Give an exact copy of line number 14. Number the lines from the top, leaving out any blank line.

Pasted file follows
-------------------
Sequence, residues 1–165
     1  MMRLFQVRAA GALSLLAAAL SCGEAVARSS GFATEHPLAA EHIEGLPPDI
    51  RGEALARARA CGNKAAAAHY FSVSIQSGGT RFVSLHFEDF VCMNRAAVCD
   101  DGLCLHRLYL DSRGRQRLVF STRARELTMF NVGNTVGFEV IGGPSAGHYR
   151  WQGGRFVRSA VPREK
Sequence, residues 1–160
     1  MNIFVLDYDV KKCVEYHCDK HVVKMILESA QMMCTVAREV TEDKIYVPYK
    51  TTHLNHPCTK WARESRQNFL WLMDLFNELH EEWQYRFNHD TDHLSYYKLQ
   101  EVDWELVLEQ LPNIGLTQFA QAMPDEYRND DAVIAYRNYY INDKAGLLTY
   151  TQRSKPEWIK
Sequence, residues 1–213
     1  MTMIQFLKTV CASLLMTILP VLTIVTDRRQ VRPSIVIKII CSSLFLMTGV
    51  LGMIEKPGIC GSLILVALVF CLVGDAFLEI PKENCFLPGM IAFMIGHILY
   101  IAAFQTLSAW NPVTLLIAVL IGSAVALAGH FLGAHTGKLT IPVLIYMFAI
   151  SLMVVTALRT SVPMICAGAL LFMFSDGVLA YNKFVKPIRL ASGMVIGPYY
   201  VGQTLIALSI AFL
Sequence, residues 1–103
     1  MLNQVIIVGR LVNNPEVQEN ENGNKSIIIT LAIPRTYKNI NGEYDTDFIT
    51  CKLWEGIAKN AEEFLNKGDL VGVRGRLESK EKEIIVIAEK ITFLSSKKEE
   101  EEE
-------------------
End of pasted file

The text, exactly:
   101  IAAFQTLSAW NPVTLLIAVL IGSAVALAGH FLGAHTGKLT IPVLIYMFAI